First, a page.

Chicago are restricted from spending Airport Improvement
Program funds and similarly restricted federal aviation monies
for purposes other than improving the nation’s airport
The City of Chicago cited other cities’
use of airport funds for demolition of closed airports, but in
those cases, the FAA gave prior approval of the expenditures.
City of Chicago legal brief in reply to FAA
Notice of Investigation, 12/3/2004: http://www.aopa.org/whatsnew/newsitems/2004/041206meigs_response.pdf
Crain’s Chicago Business story 9/6/05:
FAA fines Chicago over Meigs Field
The Federal Aviation Administration is
moving to fine the city of Chicago $33,000 in connection with
the sudden closure of Meigs Field more than two years ago.
In an Aug. 31 letter to the city’s
Department of Aviation, the FAA said it’s assessing the
civil penalty because the city didn’t notify the FAA before
demolishing the runways at Meigs Field. The city provided the
federal agency with notification a short time afterwards, but
by then the runways had been destroyed and the airport couldn’t
The FAA letter gives the city 15 days to pay
the fine or ask for a hearing on the issue. A spokeswoman for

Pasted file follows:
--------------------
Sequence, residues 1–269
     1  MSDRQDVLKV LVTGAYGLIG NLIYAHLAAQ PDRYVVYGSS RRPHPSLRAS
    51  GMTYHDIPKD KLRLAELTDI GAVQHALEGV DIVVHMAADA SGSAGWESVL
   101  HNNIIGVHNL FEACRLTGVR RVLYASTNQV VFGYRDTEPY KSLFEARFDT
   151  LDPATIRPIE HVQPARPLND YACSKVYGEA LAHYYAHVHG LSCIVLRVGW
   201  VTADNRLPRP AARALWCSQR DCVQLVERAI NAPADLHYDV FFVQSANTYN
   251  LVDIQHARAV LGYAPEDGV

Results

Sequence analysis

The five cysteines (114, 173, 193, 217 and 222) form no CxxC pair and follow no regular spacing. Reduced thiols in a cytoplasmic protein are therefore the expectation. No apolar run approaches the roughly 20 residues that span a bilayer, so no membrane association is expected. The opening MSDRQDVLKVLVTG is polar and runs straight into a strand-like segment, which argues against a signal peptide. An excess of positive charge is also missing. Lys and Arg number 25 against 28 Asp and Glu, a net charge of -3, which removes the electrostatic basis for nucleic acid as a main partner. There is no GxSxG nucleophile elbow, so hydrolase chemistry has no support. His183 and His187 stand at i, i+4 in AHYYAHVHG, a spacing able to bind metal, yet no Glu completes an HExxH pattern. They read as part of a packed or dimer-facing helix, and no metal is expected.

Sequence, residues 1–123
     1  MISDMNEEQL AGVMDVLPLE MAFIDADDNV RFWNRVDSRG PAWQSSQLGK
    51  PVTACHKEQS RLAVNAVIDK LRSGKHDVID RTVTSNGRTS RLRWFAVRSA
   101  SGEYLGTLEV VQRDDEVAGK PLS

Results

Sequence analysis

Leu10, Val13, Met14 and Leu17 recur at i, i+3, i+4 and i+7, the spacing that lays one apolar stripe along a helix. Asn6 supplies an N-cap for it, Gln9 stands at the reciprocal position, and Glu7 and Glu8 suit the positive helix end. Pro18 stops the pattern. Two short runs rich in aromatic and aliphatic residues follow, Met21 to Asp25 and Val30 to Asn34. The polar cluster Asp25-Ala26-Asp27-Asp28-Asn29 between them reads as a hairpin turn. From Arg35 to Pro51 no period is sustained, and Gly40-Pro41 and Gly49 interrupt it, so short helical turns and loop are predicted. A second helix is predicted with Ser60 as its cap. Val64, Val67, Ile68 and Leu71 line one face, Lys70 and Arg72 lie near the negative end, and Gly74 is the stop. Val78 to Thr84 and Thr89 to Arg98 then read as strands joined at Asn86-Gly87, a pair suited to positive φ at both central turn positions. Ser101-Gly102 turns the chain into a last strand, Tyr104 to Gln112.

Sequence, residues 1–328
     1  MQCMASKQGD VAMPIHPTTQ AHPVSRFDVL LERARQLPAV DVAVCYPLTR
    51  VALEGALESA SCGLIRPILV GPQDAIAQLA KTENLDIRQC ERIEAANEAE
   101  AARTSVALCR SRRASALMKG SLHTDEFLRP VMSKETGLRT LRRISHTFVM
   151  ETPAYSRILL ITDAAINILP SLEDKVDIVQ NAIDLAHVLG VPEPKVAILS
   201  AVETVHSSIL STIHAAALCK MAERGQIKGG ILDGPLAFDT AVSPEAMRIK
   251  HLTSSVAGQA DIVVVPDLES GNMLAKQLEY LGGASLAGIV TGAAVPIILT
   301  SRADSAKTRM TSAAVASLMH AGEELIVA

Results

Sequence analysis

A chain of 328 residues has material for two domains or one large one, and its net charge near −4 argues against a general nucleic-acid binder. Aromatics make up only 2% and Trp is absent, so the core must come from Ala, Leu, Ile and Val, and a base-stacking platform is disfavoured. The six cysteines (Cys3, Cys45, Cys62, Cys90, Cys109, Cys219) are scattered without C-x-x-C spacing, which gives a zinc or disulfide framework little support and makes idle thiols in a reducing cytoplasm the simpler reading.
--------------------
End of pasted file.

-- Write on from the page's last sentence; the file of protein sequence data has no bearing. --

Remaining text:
Mayor Richard M. Daley didn’t return calls today requesting
Mayor Daley ordered the closing of Meigs,
which took place in the early-morning hours of March 31, 2003.
At the time, the mayor said the small airfield, used primarily
by business executives and government officials to fly in and
out of the city, posed a danger because of the possibility it
could be a target for terrorists.
The city is now converting Northerly Island,
the strip of land just south of Navy Pier that was home to
Meigs, into a park.
Still pending is a proposed FAA order that
would fine the city up to $4.5 million for allegedly
misspending $1.5 million in airport funds to demolish Meigs
Field, an FAA spokeswoman says.
Crain's: Meigs closure losing business for Chicago
Crain’s Chicago Business story
This week marks the second anniversary of the Midnight Meigs
Massacre by Mayor Daley’s bulldozers. While the FAA
investigation into the closure continues at an unknown pace,
Crain’s Chicago Business reports that general aviation
airport users have abandoned Chicago in droves.
In a major 2-page article,
entitled “Meigs closure 2 years later: It’s for the birds”,
writer Steve Strahler indicates that over half of Meigs’
former traffic has been lost to the region, while at the same
time traffic (and congestion) at Midway Airport has risen.
In it’s official editorial,
entitled “Daley's Meigs closure doesn't pass test of time”,